Mills’ death: The wounds are too fresh – Prof Ahwoi
Prof Kwamena Ahwoi, a governance expert, has asked Ghanaians to let the death of the late President John Evans Atta Mills unite the nation.
“His death is too recent; the wounds are too fresh; and the pain is still too unbearable. Besides, the country needs to unite. Let Ghana use the death of President Mills to unite us,” Prof Ahwoi said in Accra when he delivered the first anniversary commemorative lecture in honour of the late President Mills.
President Mills died a sitting president, at the 37 Military Hospital in Accra on July 24, 2012 at 1415 hours, three days after marking his 68th birthday.
The lecture was among activities planned by the Government of Ghana on the first anniversary of his death.
Delivered at the Accra International Conference Centre, the lecture touched on the life of the late Ghanaian leader as religious man, sportsman, a lawyer, an intellectual, tax expert, and internationalist.
Tracing his association with the late President, Prof Ahwoi said during his student days at University of Ghana in 1975, he (Ahwoi) carried with him into an examination hall, four chilled bottles of beer, when at the time the late President was the invigilator. He said in a friendly manner, the late President allowed him to take two bottles of the four.
“I have told this story to illustrate one trait about Professor Mills. He was patient to the fault. But his patience often yielded positive outcomes as it did in my case. If it had been some other lecturer that could have been the end of my University career,” Prof Ahwoi said.
Prof Ahwoi recalled another encounter with the late President in 1996, when the National Democratic Congress (NDC) was searching for a person of impeccable character from either the business community or academia to partner with then President Jerry John Rawlings to contest the 1996 elections.
“A search party had been constituted for this purpose after listening to the Minister for Education Harry Sawyerr extol the virtues of Professor Mills, then the Commissioner of the Internal Revenue Service, at a Cabinet meeting and the loss the country was going to suffer as a result of his failed bid to be appointed Vice Chancellor of the University of Ghana. It was decided that he was the kind of person we were looking for as the NDC’s Vice Presidential candidate. Since President Mills knew I had a relationship with the Professor, he delegated me to see Professor Mills and try to convince him to accept the position,” Prof Ahwoi said.
“When the late Professor Mills finally accepted the offer, he declared that it was the will of God, saw his call as divine, and immersed himself into the 1996 Presidential campaign with zeal, vigour as total commitment as if he were on a divine mission”, Prof Ahwoi said.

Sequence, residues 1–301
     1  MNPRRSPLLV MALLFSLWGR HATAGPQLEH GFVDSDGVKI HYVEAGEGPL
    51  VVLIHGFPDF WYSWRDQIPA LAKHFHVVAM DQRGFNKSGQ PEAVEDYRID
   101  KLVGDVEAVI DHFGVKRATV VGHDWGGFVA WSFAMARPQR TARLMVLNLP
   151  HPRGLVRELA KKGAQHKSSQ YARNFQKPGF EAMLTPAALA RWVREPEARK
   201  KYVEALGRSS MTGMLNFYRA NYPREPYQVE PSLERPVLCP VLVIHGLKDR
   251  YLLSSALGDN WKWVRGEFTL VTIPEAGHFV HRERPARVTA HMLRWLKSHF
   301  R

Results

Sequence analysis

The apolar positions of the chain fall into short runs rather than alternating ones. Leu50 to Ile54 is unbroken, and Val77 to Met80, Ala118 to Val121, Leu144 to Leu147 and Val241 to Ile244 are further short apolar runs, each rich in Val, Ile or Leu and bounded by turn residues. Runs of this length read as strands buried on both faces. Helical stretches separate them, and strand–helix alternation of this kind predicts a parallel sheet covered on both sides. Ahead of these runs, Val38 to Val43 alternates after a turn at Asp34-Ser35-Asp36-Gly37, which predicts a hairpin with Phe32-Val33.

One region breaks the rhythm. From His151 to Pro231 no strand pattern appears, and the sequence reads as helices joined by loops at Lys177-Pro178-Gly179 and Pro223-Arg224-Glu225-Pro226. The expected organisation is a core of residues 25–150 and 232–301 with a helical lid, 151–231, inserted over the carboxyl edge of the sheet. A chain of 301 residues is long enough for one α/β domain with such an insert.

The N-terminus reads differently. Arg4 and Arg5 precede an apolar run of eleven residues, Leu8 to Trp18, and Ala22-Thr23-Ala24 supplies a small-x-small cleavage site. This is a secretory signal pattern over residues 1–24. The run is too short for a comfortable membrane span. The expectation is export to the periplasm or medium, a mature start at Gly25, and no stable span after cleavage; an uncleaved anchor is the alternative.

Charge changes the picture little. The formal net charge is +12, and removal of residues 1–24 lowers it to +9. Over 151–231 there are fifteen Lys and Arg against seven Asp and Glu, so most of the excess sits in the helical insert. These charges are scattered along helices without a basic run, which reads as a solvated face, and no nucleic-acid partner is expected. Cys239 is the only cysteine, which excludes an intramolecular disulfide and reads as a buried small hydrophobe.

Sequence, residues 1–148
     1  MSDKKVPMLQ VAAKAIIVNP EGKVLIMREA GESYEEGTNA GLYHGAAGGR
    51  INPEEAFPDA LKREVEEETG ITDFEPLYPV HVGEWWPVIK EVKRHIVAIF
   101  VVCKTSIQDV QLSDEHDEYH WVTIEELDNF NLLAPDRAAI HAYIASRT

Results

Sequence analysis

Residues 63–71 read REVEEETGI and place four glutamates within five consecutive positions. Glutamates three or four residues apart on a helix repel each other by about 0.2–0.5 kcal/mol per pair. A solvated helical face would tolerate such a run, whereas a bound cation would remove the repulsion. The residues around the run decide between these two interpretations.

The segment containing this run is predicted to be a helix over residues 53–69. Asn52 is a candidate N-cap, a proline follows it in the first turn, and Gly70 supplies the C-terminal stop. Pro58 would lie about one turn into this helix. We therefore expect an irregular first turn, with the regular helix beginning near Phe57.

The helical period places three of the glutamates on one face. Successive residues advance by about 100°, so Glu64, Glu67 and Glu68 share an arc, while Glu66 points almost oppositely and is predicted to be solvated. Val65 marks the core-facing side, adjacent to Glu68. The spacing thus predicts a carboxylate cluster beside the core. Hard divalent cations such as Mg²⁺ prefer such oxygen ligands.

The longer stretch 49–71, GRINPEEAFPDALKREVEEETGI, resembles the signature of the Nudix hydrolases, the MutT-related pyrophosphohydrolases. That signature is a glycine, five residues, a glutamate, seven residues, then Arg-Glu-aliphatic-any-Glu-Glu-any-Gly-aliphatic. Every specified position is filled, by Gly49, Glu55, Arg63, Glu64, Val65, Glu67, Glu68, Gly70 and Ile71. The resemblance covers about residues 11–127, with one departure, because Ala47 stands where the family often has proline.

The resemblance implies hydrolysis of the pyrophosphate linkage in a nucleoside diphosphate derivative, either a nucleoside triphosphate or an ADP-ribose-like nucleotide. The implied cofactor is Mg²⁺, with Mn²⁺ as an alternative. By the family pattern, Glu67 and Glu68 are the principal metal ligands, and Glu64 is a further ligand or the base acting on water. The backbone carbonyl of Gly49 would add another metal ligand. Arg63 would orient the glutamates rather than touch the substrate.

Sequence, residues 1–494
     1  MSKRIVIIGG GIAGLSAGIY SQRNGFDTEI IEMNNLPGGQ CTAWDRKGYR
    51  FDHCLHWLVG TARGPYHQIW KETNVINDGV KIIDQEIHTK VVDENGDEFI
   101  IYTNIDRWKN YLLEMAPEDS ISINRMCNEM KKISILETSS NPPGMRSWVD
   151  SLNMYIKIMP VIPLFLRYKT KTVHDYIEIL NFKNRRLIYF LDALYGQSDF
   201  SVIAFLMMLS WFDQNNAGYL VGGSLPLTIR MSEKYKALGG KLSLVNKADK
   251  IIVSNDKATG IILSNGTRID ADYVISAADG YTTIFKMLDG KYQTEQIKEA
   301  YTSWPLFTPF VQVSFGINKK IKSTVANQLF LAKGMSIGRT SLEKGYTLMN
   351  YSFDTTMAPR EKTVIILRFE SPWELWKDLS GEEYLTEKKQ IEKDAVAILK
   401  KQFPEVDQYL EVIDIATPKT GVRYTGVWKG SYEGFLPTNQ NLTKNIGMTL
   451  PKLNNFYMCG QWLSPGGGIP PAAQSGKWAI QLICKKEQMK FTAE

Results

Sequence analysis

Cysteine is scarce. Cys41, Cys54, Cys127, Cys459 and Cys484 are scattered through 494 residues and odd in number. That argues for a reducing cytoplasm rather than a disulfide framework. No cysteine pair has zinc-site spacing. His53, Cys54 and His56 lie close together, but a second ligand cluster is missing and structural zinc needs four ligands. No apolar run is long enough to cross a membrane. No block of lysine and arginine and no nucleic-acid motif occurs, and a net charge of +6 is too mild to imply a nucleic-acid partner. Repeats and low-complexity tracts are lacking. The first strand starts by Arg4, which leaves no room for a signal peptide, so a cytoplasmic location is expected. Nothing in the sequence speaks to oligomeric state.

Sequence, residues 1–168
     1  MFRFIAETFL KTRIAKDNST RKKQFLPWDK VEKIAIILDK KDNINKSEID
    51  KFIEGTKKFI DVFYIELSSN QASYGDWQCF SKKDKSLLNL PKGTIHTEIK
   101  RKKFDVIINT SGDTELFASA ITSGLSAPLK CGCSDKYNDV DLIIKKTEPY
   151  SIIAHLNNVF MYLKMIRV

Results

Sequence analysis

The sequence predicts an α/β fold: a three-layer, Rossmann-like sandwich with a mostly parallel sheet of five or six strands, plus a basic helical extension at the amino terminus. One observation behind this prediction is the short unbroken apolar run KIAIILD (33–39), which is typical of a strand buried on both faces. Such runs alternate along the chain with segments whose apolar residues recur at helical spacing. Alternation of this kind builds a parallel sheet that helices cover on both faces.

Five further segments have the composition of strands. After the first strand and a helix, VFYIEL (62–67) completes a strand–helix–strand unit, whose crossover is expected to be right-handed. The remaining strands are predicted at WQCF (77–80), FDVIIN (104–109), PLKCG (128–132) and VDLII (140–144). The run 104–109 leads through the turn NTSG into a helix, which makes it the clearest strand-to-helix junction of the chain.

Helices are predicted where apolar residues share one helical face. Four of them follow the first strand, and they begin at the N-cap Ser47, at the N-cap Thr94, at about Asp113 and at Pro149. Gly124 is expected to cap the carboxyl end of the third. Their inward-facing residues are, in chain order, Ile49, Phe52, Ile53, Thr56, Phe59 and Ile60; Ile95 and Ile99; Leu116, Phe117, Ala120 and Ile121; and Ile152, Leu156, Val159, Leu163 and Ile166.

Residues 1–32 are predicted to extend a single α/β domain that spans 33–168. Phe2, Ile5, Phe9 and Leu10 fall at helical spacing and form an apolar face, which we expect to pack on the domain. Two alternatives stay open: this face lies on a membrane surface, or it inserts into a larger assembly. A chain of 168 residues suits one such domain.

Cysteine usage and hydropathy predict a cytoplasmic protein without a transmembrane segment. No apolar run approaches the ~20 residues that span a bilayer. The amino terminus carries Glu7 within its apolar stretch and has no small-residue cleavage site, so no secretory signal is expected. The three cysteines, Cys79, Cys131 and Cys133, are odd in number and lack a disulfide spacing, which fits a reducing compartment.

He observed that the late President Mills, who was only ‘third time lucky’ in his bid to become President of Ghana, was convinced that there was a mystical force of God driving his destiny.
Prof Ahwoi said the late President Mills considered Osagyefo Dr Kwame Nkrumah, Ghana’s first president, as his political mentor, and Nkrumah never started any function without calling on God to guide him.
“As a family man, his wife Naadu became his friend, companion and confidante. He was devoted to his son Kofi. His siblings and his extended family were a big part of his life.
The lecture threw the searchlight on the late President as internationalist, who believed in the ECOWAS regional integration agenda, and was seen as ardent Nkrumahist dedicated to the cause of African continental unity, Pan Africanism and the concept of the African personality.
Prof Ahwoi said the late President Mills was also consulted extensively by world leaders, who valued his counsel, and this was epitomized by the selection of Ghana by US President Barack Obama as the African country in which to make his policy statement that African needs strong institutions rather strong men.
Additionally, Queen Elizabeth of England specially invited the late President Mills to pay a state visit to the UK.
Prof Ahwoi drew the attention of President John Mahama to take up the challenge to have Ghana host the Commonwealth Heads of State Meeting.
He referred to tribute that poured in from the four corners of the world as an attestation to the international nature of the late President Mills.
The late President Mills, according to the lecturer, was described as “a president we could trust”, and made significant contributions to education by establishing two public universities at Ho and Sunyani – promised made during the 2008 campaign, constructing School of Fisheries at Anomabu, giving out free uniforms to school children and removing “schools under trees’.
Other contributions, he added, were in oil and gas, agriculture infrastructure and governance.
Expressing his conviction that “his commitment to building a “Better Ghana” was genuine, Prof Ahwoi said the agenda to build a “Better Ghana” required the NDC to lead the country to work hard to produce wealth, to uphold the truth, abhor corruption and distribute the benefits of hard work equitably.